Review Summary: Panda Bear Meets the Expectations.
Noah Lennox, known musically as Panda Bear, has been on quite a journey in his musical career. As one of the founding members of the well-known psychedelic group Animal Collective, he has contributed to some of the great albums of the previous decade, such as “Feels” (2005) and “Merriweather Post Pavilion” (2009). During his time outside of Animal Collective, he has released some notable work under his own name, like the infamous sample-filled psychedelic/electronic album “Person Pitch” (2007), and in 2011 he released “Tomboy”, where his sound evolved into a more pop-like, reverb filled sound, receiving mixed reviews from the Animal Collective fan base, leading people to wonder if Panda Bear, and Animal Collective as a whole, was plateauing in terms of creativity. If Panda Bear has now met death and its physical manifestation known as the Grim Reaper, it has turned out to aid in the birth of one of the most diverse albums that Panda Bear has created to date, and nowhere near his musical downfall.
It all starts off with “Sequential Circuits”, which opens the album up with some strong and broad synths, creating this feeling of adventure, as if you’re about to adventure out into the unknown. Then enters the signature harmonized vocals of Panda Bear, as the song progressively opens itself up. The warm sounds, and adventurous feelings provide a gateway into the first big track of the album, “Mr Noah”, which is familiar off of the “Mr Noah EP” that Panda Bear released in October, 2014. The decent-paced beat and mysterious whimpering sounds throughout the background provide a backbone for the repetitive yet bouncy vocals that Panda Bear puts onto the track, and it makes you want to continue bobbing your head along as the song progresses. The next group of tracks all continue to keep this upbeat vibe that “Mr Noah” creates, while creating a flowing stream of sound to start the first half of the album, but it leaves you asking... For an album that has the Grim Reaper as one of its main topics, where is the darkness? Where is the seriousness?
That’s when “Tropic of Cancer” hits. The whispering wind, followed by the looping sound of plucked stringed instruments, create this eerie scene, as Panda Bear’s vocals come in singing in a sad and down tone, speaking of the loss of someone in his family, due to a sickness. Everything slowly builds up as the lyrics become more and more strong over the 6 minute course of the song, and you feel as if this is the moment Panda Bear connects with that darkness of death as he spirals downward. The emotions the album emits continue to get darker and sadder as the song “Lonely Wanderer” comes around, releasing an avalanche of piano keys, all as Panda Bear continues to ask questions about the recent death of his family member, while also asking, “was it worthwhile?”, to the deceased person, as if he is worried he didn’t do his part in their life. This sudden blast of depression and sadness is what the album needed, and it is thrown at you in a way where you really feel for what Panda Bear must’ve been going through, in a way similar to his 2004 release “Young Prayer”, which was an homage to his dad, who had died that year. This is the definitive part of the album, in my opinion, where the album fully lives up to its name, and where the climax is reached.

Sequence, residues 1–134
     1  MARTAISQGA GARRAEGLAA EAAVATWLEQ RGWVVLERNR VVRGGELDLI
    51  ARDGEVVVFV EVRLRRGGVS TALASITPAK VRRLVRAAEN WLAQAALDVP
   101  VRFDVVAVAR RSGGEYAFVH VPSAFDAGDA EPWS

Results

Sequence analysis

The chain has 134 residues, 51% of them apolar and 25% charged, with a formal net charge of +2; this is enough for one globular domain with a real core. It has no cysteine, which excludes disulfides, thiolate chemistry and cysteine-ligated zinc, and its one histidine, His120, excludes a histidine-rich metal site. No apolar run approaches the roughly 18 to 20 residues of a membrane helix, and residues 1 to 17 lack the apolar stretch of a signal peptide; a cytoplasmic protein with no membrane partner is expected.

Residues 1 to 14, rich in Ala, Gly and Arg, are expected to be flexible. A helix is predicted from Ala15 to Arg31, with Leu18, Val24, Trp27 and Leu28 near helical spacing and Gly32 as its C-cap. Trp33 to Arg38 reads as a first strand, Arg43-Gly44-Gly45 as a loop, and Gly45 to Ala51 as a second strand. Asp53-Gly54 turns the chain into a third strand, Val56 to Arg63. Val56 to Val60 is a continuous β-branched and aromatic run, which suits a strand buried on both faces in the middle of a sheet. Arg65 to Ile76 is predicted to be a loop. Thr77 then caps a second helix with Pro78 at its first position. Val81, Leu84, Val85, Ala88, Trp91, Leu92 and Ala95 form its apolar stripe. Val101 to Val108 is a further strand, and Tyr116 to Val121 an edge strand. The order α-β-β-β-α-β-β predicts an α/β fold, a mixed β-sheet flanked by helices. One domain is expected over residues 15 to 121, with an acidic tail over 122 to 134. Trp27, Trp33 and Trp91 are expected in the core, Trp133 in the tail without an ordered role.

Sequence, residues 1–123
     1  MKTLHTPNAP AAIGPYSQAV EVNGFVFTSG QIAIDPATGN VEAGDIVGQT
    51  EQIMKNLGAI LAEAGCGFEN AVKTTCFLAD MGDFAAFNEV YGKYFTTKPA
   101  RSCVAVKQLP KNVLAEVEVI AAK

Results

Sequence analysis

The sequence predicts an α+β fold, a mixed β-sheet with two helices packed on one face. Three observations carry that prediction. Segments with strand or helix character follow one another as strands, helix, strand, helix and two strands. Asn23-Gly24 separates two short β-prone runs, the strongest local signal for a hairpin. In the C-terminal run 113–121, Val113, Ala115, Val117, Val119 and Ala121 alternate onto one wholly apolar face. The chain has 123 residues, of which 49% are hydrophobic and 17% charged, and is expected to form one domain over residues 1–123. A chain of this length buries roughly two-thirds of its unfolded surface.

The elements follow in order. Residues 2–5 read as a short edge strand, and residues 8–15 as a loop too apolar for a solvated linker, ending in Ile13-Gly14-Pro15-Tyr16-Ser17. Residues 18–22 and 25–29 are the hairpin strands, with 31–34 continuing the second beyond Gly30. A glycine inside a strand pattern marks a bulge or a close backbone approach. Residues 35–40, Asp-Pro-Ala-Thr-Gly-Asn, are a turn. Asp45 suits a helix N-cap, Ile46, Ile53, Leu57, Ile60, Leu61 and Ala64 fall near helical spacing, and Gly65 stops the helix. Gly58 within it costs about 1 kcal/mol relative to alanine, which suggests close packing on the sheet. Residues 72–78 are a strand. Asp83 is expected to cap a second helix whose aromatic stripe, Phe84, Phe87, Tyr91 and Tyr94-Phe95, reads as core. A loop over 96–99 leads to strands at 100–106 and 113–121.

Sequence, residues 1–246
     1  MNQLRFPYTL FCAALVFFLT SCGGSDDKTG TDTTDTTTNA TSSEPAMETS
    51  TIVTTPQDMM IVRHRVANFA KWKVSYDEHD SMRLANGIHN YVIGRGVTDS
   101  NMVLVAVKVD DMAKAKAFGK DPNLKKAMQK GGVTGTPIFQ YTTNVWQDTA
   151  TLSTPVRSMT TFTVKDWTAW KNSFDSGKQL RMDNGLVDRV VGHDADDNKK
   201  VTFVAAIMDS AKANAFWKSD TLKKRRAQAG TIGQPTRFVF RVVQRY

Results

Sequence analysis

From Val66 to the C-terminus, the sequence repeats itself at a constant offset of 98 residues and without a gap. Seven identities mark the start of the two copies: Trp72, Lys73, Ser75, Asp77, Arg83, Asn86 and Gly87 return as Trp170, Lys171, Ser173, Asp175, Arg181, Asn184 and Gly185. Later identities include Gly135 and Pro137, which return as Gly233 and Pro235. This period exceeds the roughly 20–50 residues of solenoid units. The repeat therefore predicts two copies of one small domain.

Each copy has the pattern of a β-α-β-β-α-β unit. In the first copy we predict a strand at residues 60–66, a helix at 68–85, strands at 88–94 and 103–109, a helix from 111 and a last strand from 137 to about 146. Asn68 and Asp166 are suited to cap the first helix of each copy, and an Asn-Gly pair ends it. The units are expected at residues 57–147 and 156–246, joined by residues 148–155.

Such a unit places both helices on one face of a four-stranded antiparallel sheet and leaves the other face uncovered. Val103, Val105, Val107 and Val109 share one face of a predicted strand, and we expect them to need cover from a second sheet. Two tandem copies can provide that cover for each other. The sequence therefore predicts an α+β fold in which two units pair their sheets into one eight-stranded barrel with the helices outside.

After “Lonely Wanderer” though, the album gets a little off track. “Principle Real” enters, and all of sudden, the sounds have changed from sad pianos, to a mid-tempo catwalk type of drum beat with spacious synths and some pop-influenced vocals layered over it all. It throws everything that was just presented beforehand to the side, and this, I believe, is the main downside to “Panda Bear Meets the Grim Reaper”. Everything had felt so fluent and well put together, but then this comes forward? It just wasn’t that expected. Not all hope was lost for the ending, though.
The penultimate song, “Selfish Gene”, enters with a staccato synth progression, followed by Panda Bear’s signature simplistic vocals, which end with “You’ll trip up again, go get up again”, symbolizing that his sadness is ending, and that he is moving onwards in life. Though this does seem clichè and cheesy, it is a style that Panda Bear has embraced and used for years, most notably when he clearly states, “Sticks and stones may break my bones, but words will never hurt me” on “Person Pitch”. It is as if Panda Bear is purposefully attempting to finish his latest album on a familiar note, filled with warm sounds and warm lyrics, and with that, the album transitions to one final song following the same intentions as “Selfish Gene”, and the album sets itself to sea. Yes, it isn’t the most climatic or eventful of endings, but it is the kind of goodbye where you wave and smile as your fears are left behind you, and the sun is rising on the horizon. It is a fitting ending to an album about a journey downwards and back.
So yes, “Panda Bear Meets the Grim Reaper” may not be perfect in any way, shape, or form, but it is yet another expression of Panda Bear’s life, and a terrific one at that. It invites you in with its diverse and welcoming sound, pulls you through a sea of emotion, and then lets you go at the finish with a warm and familiar resonance. If Panda Bear’s recent musical inspiration ended with this as the final product, it’ll be exciting to see where his next ideas will take him in his already intriguing, and quite brilliant musical discography he has crafted together thus far.